Archibald MacLeish

(1892 - 1981)

Poet, lawyer, and librarian Archibald MacLeish was born in Glencoe, Illinois. He studied English at Yale University and attended Harvard Law School, receiving his J.D. after some years serving in World War I. MacLeish practiced law briefly, until he and his wife, Ada Hitchcock, moved to Paris in 1923, where they became part of the literary expatriate milieu of Gertrude Stein, Ernest Hemingway, and Zelda and F. Scott Fitzgerald. His years in Paris and the decade after his return to the United States in 1928 were his most prolific as a poet and playwright: during this interval, he published 17 books of poetry and verse plays, including the collection Conquistador (1932), the first of his three three Pulitzer Prize–winning works, which would eventually include his Collected Poems 1917–1952 and his verse drama J.B.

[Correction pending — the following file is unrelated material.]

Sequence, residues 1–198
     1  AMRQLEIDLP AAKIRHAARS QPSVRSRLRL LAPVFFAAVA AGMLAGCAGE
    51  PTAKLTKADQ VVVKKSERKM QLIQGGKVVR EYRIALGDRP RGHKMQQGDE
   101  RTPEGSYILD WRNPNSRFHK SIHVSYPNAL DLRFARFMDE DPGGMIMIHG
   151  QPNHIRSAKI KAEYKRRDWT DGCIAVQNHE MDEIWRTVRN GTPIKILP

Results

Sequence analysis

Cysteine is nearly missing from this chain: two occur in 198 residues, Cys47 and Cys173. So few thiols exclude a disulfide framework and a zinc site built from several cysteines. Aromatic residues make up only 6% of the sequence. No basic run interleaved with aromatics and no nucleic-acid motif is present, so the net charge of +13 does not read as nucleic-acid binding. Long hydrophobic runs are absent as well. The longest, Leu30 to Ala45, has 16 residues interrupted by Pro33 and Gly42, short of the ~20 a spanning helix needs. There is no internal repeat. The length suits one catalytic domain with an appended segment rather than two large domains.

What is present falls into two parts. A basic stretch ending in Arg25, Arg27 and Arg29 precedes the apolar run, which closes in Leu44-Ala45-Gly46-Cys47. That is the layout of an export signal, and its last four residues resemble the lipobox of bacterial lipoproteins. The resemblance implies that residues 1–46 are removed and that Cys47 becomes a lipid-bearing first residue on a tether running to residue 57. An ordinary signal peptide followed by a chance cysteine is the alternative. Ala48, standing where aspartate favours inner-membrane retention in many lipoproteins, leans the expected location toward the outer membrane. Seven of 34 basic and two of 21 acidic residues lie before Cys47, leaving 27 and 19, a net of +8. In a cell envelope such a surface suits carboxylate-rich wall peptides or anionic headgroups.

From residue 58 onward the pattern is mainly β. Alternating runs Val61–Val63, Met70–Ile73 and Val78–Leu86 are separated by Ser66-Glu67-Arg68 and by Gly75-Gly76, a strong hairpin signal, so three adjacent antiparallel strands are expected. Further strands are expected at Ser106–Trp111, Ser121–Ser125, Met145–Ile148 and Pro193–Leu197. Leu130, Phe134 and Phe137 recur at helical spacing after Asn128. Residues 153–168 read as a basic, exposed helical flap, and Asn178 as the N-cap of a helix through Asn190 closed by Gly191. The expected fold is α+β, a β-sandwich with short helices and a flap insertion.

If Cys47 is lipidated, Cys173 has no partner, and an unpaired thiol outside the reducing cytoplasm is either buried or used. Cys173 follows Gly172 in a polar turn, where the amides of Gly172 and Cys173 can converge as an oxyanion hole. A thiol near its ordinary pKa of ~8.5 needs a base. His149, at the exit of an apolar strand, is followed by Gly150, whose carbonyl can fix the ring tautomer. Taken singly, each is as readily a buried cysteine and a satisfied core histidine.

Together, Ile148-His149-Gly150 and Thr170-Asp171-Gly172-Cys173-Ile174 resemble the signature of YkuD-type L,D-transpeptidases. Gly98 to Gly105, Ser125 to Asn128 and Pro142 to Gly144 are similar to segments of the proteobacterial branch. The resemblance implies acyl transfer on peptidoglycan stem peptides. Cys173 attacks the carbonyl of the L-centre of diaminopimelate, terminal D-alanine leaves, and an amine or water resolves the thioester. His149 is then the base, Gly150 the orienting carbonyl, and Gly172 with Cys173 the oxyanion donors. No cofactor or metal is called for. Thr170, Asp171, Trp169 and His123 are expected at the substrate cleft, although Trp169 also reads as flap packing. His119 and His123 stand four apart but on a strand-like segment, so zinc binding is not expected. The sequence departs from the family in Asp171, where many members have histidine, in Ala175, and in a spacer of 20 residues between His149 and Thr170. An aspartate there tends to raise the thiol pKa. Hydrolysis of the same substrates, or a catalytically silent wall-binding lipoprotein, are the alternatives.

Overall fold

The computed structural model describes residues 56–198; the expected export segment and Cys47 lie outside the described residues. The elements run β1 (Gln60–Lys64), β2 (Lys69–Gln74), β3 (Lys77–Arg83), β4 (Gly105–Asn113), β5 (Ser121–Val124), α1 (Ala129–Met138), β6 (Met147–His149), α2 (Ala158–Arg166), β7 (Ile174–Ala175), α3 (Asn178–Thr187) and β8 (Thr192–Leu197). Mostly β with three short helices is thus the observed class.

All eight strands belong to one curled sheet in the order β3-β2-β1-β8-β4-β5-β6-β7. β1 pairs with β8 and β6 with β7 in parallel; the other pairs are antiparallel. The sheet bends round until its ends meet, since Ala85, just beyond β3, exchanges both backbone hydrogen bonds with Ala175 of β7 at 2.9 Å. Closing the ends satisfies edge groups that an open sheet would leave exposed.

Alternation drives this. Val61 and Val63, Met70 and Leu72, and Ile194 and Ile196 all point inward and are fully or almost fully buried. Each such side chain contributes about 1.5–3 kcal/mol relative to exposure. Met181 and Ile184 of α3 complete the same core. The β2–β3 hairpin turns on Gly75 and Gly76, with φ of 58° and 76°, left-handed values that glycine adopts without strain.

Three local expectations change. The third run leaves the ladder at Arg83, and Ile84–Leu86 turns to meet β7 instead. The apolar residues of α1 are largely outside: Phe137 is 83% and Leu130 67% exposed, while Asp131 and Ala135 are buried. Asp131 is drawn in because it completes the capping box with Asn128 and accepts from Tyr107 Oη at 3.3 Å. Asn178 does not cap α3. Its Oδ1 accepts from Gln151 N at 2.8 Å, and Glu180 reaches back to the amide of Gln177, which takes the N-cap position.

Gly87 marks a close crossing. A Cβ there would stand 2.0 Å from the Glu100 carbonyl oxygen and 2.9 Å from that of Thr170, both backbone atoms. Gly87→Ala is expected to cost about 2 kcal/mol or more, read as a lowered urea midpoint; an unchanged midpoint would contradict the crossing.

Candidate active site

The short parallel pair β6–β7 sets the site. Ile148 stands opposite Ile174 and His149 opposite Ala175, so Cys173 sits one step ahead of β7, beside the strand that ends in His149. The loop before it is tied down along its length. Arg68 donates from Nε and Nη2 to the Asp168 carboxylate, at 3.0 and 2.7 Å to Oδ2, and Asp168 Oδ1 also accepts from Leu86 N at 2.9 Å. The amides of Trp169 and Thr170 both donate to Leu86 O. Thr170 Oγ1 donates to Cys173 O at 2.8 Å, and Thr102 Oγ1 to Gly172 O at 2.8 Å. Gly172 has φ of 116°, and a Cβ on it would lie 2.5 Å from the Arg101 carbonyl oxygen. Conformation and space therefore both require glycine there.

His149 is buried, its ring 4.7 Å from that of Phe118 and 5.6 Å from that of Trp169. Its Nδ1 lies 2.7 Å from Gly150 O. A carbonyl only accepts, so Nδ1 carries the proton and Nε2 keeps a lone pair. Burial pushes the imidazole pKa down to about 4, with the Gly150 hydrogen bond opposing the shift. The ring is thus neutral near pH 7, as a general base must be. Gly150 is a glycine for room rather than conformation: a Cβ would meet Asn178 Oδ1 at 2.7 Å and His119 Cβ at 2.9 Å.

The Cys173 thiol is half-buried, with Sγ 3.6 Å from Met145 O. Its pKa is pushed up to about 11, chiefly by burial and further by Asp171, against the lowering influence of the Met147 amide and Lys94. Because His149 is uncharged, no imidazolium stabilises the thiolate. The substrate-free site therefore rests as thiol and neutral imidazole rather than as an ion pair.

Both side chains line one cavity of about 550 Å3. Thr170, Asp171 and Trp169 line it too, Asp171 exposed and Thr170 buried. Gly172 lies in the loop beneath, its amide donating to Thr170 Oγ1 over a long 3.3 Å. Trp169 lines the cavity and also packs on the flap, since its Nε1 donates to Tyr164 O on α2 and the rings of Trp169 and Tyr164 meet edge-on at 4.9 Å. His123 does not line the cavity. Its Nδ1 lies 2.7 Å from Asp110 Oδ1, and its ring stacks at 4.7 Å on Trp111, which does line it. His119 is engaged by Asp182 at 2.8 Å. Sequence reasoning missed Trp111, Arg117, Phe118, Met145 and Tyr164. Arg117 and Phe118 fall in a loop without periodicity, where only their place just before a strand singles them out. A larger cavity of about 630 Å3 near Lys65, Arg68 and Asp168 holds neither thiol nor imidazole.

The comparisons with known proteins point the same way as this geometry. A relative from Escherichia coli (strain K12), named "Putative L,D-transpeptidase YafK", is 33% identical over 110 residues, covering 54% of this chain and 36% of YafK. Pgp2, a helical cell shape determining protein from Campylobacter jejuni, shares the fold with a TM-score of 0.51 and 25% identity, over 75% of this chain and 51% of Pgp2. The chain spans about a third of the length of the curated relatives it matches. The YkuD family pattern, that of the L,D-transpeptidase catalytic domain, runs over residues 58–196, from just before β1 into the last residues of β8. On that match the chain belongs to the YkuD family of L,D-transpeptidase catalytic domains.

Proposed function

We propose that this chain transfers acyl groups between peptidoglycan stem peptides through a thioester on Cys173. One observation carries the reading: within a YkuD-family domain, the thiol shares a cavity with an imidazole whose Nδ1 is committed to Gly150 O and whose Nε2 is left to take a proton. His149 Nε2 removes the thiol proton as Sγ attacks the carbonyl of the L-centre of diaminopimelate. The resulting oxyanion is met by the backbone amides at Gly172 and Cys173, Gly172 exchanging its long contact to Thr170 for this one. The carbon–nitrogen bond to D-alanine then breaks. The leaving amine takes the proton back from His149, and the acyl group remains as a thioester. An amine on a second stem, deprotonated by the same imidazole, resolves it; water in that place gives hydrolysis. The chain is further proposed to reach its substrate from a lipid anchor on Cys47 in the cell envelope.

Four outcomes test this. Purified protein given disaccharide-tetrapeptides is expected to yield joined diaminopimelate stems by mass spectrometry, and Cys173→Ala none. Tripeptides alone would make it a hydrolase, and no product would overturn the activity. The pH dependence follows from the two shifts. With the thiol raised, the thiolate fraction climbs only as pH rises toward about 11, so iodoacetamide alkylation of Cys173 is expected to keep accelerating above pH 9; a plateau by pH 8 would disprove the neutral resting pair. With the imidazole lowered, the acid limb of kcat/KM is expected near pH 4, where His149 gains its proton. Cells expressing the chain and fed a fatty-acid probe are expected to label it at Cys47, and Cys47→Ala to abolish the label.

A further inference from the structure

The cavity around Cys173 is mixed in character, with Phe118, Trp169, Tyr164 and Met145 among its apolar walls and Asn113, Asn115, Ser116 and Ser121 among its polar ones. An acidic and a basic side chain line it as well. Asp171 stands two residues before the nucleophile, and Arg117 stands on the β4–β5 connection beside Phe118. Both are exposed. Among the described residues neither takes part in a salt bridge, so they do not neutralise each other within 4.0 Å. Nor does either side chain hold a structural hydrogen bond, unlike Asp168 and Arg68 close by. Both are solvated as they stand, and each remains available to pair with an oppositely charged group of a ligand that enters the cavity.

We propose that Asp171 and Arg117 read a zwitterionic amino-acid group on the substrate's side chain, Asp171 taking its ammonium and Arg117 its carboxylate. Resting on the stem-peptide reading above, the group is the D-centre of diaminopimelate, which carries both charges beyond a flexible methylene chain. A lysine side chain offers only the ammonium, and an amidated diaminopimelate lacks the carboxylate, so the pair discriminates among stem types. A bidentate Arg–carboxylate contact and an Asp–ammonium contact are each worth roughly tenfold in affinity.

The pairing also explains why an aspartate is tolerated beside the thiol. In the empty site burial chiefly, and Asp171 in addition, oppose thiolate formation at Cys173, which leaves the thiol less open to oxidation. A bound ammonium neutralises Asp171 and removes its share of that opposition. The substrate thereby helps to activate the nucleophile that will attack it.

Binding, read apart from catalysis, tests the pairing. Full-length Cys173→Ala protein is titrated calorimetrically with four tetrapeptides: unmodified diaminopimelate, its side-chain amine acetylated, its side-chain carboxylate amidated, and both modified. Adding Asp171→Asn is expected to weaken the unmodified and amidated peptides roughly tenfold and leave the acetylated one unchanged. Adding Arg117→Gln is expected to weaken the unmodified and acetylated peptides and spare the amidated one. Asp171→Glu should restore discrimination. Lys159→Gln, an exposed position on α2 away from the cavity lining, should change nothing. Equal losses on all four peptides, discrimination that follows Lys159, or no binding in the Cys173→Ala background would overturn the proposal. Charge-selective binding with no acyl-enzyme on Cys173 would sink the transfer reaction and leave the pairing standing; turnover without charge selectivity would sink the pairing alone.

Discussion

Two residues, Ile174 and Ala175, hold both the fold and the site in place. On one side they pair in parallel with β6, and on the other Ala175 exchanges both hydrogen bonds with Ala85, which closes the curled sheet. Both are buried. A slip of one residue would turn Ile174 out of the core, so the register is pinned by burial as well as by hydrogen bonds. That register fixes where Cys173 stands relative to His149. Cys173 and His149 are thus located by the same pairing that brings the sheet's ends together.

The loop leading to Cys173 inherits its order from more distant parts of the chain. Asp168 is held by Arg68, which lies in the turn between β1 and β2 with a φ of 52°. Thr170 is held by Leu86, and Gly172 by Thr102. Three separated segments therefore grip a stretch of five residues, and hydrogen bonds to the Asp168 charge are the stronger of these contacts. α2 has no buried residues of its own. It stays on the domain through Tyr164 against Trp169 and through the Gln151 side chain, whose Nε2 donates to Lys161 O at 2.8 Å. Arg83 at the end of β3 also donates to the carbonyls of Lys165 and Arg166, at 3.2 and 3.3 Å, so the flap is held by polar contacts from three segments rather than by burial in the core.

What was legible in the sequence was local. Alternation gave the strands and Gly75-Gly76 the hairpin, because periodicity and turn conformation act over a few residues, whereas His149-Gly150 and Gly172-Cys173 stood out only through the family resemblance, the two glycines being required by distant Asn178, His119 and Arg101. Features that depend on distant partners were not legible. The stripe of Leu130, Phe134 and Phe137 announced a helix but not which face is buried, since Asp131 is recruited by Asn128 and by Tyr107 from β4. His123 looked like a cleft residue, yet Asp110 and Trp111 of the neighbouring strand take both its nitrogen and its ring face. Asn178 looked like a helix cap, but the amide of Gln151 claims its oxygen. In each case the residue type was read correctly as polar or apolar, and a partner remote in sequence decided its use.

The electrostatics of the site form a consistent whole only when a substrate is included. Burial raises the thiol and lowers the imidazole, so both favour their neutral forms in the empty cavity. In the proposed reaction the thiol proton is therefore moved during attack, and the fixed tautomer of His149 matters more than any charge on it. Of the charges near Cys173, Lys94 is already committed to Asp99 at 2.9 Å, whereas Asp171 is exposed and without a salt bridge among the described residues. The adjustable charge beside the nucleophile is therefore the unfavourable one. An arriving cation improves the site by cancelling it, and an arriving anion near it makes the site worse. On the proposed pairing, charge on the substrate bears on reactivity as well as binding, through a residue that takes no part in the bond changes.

In the late 1930s, MacLeish shifted his focus to statesmanship: he was named Librarian of Congress in 1939, a position he notably used to improve the administration of the institution and advocate for its programs. He also held roles with the Office of Strategic Services (later the CIA) and the War Department before reestablishing himself in academia. A Modernist contemporary of Ezra Pound and T. S. Eliot, MacLeish is remarkable for his accomplishments both within and without the sphere of poetry, and for his dedicated advocacy for culture and the arts.


More MacLeish

Audio: Listen to MacLeish's verse play "The Fall of the City," aired in 1937 on Columbia Workshop

Audio: MacLeish poems set to music at Song of America

Text: Read three poems by MacLeish at Poetry Out Loud